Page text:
According to estimates, the UK has the fifth largest number of children with type one diabetes in the world, which has led some to campaign for better education surrounding the condition in schools.
“We don’t fully understand why more children in the UK are developing type one diabetes than almost anywhere else in the world. But the fact that the rate is so high means it’s especially important that parents know the symptoms,” said Barbara Young, Chief Executive of Diabetes UK.
“Type one diabetes is a serious condition that can lead to devastating complications and an early death if not managed properly,” she adds. “This is why children with type one diabetes need to be set off on the right path in terms of managing their condition right from the beginning. It’s a tragedy that all too often this isn’t happening.”
In 2015, a petition was started to have the symptoms of type one diabetes added to the ‘Red Book,’ which is given to all newborns in order to log and monitor their early health.
“I really think there needs to be more awareness in schools, but also in antenatal classes and midwife’s training. it’s so important to spot symptoms early and to know how to deal with them,” Becky says. “As a mum it’s scary to think that this information isn’t given to more parents, especially considering that if diabetes is left undiagnosed you can die of diabetic ketoacidosis.”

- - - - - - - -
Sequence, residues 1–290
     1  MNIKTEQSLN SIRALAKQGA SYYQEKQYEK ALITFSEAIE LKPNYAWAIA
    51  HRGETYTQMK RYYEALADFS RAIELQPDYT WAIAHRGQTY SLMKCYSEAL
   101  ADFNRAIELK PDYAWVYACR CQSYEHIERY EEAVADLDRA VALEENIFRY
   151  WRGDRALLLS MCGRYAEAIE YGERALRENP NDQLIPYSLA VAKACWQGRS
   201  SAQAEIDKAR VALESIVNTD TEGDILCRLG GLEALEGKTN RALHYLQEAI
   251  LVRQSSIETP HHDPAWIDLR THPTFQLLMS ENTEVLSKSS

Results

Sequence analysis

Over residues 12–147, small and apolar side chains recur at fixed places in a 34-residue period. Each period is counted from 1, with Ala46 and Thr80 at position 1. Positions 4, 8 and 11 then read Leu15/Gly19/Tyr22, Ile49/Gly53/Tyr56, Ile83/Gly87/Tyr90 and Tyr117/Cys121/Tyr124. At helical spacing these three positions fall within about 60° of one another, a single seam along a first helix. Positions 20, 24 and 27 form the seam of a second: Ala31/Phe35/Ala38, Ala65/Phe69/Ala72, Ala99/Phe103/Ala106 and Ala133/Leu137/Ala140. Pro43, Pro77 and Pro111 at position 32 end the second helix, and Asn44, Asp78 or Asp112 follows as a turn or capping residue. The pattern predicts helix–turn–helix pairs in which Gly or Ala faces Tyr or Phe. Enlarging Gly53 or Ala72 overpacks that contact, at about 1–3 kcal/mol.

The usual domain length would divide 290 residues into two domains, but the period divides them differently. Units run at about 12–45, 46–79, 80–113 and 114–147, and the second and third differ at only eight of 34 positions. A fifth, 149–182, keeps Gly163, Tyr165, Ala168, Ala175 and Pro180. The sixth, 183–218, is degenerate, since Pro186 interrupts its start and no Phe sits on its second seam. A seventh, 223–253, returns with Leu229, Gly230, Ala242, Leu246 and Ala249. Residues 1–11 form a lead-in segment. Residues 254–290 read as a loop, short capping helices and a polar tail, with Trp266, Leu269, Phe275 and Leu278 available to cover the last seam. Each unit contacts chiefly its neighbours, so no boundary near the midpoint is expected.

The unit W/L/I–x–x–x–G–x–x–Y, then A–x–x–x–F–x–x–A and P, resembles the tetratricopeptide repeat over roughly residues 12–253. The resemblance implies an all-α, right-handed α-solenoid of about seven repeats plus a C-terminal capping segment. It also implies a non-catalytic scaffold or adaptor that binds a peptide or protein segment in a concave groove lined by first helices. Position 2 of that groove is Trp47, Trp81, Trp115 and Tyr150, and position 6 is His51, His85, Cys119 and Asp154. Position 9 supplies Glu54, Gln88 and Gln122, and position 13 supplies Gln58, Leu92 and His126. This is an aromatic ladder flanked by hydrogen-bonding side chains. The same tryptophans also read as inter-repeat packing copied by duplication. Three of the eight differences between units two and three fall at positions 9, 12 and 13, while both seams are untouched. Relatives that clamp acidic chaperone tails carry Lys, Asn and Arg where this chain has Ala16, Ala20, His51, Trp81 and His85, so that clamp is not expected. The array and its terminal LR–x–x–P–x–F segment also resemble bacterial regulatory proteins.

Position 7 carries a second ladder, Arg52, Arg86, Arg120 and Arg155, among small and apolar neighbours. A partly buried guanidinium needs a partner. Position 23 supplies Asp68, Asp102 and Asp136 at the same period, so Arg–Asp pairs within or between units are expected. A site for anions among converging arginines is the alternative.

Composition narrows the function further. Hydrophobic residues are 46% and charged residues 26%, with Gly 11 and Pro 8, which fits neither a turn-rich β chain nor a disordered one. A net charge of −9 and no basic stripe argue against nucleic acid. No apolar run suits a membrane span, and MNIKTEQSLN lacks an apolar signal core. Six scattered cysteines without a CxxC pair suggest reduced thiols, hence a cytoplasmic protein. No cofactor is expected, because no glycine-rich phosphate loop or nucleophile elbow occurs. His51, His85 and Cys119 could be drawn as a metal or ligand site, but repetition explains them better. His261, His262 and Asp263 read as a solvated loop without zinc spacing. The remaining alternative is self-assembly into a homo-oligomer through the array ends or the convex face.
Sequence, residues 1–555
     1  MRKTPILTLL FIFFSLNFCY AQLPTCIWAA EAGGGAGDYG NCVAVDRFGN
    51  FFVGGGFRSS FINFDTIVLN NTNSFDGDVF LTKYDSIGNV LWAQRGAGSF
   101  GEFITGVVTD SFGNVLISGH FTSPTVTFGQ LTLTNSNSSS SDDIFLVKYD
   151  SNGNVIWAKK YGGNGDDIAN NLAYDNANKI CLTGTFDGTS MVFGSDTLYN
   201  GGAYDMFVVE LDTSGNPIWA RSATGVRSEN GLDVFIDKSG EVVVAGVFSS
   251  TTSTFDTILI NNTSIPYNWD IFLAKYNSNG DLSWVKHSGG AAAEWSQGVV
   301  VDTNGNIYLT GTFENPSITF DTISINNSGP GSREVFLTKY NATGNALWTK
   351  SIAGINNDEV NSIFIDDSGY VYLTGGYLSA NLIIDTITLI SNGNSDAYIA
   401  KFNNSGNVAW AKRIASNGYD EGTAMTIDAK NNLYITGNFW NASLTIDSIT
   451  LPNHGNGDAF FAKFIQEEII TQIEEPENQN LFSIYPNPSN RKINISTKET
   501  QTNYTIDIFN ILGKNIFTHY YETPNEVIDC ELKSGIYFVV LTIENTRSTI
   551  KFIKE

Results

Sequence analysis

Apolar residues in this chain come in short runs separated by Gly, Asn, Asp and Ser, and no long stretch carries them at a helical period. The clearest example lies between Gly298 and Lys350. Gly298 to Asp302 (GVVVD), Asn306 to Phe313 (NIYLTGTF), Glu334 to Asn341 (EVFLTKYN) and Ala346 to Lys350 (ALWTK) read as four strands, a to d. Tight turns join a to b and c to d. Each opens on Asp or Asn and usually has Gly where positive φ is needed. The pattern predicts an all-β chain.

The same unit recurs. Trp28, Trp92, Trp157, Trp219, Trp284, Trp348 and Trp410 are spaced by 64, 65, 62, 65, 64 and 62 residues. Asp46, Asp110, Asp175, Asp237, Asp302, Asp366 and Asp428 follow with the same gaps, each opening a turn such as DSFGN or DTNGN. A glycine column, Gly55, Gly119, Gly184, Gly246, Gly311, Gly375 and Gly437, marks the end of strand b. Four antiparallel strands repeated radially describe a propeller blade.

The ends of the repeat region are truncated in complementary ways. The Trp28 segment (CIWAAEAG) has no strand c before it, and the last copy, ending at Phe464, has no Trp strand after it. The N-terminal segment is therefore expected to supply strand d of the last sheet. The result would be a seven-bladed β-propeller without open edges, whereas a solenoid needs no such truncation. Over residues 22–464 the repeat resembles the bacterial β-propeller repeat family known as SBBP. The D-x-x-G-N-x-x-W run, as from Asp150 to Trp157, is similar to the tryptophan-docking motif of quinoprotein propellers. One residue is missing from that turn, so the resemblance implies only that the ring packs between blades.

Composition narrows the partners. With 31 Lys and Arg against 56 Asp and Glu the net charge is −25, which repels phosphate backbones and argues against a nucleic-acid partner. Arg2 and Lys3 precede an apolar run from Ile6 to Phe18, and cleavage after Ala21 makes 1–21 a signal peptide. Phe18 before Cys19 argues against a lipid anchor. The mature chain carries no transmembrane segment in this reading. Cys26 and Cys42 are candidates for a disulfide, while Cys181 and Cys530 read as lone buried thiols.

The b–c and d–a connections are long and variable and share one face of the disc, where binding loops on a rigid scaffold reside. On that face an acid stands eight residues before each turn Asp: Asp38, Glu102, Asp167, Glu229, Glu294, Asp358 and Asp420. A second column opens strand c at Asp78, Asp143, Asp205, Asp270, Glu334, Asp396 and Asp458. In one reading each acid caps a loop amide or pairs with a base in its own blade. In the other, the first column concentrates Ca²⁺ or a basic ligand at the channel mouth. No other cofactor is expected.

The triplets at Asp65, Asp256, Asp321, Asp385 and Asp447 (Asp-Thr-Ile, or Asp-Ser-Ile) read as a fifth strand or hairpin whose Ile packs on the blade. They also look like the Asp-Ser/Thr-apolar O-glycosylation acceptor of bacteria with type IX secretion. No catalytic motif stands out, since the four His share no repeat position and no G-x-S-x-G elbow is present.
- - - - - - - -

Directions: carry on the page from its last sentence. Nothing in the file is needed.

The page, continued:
However, even after diagnosis, complications with diabetes can be fatal.
A ‘hypo’ is an example of one such complication, highlighting the damage poor blood sugar levels can have to diabetics. Short for hypoglycaemia, hypos affect many diabetics and are often the result of a mistake with medication or an issue with diet. Hypos can occur suddenly and treatment should be delivered quickly and correctly.
“I can’t count the number of times I’ve had a hypo and someone’s asked if I need insulin instead of sugar,” Becky says. “That would decrease my blood sugar levels more and make the situation even worse,” she adds.
[pullquote align=”right”]“I laid on my bed shaking, I thought I was going to die.”[/pullquote]Hypos are characterised by symptoms such as: trembling and feeling shaky, sweating, feeling anxious and irritable, going pale, palpitations and blurred sight.
“A couple of months ago I had a tummy bug and was really unwell,” Becky recalls. “I went to bed and woke up 30 minutes later. I was shaking, sweating and had blurred vision. I knew I was having a hypo, so I checked my blood sugars and it confirmed I was low. I had four jelly babies, waited a while and tested again, but I was still low. This happened several times and my sugar levels wouldn’t rise. I started to feel I was losing control,” she says.